Campaign M: Olivia Swift

"The stats are shocking, yes - but many are still ignorant: we wouldn’t need Campaign M if the general public were aware of the issues."

Meet the Business School graduate challenging the status quo on women's health in the workplace, through her guerrilla marketing strategy, Campaign M.


Business School alumna and local business owner Olivia Swift has been causing a stir on social media recently with Campaign M, a guerrilla marketing campaign designed to raise awareness about the challenges women face during pregnancy, birth, and postnatal periods, as well as when returning to work.

Olivia originally trained to be a midwife at the University of Nottingham, before starting her own postnatal services business Lotus Maternity in 2017, inspired by her experiences in the NHS. She returned to the university to complete an MSc in Marketing in 2021.

Campaign M – which took the form of a series of provocative posts shared over a number of weeks on Linkedin – was influenced by the lived experience of the women supported throughout Olivia’s career and informed by her studies at Nottingham University Business School.

“I was always really interested in guerrilla marketing during my MSc”, Olivia explained. “I found the concept exciting - the risk versus the reward, the whole notion of daring to do differently and go against the grain. I wanted to use this to highlight the physical and psychological problems that mothers face which are often stigmatised and as a result, rarely discussed - particularly in the workplace.”

Olivia (fourth from left) with clients supported by Lotus Maternity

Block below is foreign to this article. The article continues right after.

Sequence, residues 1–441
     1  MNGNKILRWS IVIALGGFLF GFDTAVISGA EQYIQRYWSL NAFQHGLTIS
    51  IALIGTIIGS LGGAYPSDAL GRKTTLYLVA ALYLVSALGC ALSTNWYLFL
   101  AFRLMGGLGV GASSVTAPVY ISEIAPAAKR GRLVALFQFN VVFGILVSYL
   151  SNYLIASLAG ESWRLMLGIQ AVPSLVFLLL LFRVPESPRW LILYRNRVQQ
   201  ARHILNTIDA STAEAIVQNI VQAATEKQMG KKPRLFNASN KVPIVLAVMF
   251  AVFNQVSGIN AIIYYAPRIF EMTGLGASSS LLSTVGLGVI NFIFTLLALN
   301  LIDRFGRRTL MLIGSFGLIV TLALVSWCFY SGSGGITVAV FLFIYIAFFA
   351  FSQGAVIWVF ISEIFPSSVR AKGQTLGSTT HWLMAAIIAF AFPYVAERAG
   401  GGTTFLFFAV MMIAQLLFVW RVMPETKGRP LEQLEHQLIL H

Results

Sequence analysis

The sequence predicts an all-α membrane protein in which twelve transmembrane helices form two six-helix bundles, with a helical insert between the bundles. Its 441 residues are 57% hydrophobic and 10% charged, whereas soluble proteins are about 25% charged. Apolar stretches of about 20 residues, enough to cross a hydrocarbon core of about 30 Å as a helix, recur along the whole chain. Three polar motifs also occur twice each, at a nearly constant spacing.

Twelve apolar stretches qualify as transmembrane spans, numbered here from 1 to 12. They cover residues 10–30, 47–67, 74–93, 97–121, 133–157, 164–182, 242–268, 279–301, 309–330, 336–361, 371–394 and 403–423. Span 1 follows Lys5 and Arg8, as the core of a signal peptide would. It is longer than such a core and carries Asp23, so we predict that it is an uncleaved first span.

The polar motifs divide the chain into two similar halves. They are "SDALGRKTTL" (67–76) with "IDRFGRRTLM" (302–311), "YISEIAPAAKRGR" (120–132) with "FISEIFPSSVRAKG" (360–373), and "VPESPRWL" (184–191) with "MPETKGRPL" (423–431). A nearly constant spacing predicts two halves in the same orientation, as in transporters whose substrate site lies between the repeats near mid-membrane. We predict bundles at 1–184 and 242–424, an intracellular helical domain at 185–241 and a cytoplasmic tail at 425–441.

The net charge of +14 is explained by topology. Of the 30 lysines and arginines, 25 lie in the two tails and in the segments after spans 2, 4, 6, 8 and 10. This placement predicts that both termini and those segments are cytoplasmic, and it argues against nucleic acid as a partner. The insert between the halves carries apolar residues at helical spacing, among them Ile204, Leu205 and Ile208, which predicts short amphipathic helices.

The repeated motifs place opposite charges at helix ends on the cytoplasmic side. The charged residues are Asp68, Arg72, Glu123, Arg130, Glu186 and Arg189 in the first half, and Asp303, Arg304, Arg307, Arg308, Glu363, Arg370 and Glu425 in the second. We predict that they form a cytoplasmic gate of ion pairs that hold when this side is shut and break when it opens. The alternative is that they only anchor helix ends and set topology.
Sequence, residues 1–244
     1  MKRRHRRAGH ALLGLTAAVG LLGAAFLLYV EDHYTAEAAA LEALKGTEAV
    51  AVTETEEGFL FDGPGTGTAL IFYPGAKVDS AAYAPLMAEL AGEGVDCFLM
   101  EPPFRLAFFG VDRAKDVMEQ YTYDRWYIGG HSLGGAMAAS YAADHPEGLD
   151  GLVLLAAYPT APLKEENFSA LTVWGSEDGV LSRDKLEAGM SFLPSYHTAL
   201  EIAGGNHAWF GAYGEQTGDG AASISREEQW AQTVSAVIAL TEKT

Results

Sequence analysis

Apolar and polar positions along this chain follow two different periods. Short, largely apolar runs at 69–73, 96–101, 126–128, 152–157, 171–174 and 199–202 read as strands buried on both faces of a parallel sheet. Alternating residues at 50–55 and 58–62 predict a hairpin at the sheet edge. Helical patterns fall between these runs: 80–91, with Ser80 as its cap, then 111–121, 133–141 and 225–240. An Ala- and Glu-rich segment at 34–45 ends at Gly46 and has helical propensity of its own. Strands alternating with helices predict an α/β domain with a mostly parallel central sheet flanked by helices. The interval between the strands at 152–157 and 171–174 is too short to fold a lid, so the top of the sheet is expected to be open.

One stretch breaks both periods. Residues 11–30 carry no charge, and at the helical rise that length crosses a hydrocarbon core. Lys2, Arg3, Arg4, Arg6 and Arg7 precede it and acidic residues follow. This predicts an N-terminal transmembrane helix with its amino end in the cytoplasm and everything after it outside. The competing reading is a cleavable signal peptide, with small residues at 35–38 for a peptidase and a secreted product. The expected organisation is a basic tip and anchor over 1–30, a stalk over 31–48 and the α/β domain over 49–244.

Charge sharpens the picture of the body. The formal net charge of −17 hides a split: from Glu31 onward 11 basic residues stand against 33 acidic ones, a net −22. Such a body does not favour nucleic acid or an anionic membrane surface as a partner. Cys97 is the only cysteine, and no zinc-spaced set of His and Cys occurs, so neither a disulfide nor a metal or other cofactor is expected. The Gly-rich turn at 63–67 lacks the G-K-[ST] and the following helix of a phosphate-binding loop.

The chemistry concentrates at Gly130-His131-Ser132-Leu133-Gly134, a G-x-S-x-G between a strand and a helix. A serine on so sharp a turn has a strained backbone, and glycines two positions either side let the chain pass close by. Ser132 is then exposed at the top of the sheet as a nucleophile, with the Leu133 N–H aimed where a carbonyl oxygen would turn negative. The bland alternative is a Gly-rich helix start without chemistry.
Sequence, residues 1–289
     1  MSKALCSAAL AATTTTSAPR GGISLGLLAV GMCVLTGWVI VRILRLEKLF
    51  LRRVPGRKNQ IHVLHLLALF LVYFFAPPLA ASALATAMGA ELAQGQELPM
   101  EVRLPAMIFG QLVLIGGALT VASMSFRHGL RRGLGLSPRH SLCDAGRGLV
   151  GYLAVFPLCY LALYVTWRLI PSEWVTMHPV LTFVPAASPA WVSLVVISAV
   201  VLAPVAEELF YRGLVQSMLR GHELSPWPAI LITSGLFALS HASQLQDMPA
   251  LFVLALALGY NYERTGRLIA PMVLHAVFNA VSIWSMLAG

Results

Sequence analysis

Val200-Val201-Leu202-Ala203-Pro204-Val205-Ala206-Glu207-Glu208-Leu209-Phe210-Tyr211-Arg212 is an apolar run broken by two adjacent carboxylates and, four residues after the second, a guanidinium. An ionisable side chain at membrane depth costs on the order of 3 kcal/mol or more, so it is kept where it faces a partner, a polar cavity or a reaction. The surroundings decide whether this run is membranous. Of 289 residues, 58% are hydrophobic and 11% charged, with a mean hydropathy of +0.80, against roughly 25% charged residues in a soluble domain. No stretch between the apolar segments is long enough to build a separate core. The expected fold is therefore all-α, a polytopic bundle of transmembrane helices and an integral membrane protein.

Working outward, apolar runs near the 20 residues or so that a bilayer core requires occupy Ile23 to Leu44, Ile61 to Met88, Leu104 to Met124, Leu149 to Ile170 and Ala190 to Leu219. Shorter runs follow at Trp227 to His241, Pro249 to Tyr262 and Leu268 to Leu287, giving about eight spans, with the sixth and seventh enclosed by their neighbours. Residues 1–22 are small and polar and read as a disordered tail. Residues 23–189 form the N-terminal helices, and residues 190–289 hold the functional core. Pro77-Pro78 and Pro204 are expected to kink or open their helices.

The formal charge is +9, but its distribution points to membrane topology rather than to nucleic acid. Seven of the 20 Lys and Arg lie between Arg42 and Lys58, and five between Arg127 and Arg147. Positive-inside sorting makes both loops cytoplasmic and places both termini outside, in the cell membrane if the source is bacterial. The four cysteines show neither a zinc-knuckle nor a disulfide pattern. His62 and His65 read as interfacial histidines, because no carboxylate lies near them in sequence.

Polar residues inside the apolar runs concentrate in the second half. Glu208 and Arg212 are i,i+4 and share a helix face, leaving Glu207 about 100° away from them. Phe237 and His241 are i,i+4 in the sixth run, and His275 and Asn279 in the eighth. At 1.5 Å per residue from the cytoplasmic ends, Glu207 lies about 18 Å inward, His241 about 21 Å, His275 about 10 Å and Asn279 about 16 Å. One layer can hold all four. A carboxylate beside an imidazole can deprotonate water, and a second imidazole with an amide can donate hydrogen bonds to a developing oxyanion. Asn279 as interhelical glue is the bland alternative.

After months of research, preparation and focus groups, Olivia launched the 12-part campaign on LinkedIn earlier this year. Pairing provocative imagery with damning statistics, the posts were designed to ‘stop the scroll’ and challenge users to engage with the issues, and reconsider their ideas around motherhood and women's careers. Through this, she hoped to raise the profile of Lotus Maternity’s values and mission of providing better postnatal care and support for people with young families.

“Ultimately everybody’s lived experience is different but what I tried to stress through the campaign is that although it’s virtually impossible for women to have suffered every issue we addressed, they would have experienced one at the very least."

The first post highlighted a statistic that only 19% of working mothers had access to workplace facilities to express milk, or to support breastfeeding; another spoke about the psychological struggles of returning to work after traumatic birth and postnatal depression. The campaign went on to shine a light on the gender pay gap in the UK (15.5%), a number that widens post-pregnancy, emphasising the obstacles faced by working mothers in career progression.

“Lotus Maternity’s work in the past year has been around getting organisations to engage more with supporting maternity returners as part of their overall wellbeing strategies - this became our call to action for employers to ‘stop saying and start doing’. Flexibility isn't enough - workplaces need to be empathetic, understanding and supportive of postnatal wellbeing.”

Olivia wanted the campaign to spark conversations between people in the workplace, which she believes the campaign has achieved – but there is still work to be done.

“The stats are shocking, yes - but many are still ignorant”, she said. “We wouldn’t need Campaign M if the general public were aware of the issues, we wouldn’t need to be using guerrilla tactics to get the message heard and visible.”

So what can businesses do to address these issues? Olivia says bosses need become more open to having conversations with those returning from parental leave about what support they require at an individual level.

"Companies must begin to see value in the ‘female employee’ in terms of her skillset, and not be seen as liability who will cause disruption if she takes a career break to have children. Instead, the outlook should focus upon what life experience motherhood enables her to bring, in addition to her skillset - because there is no harder job in my personal opinion.”

Find out more about Lotus Maternity

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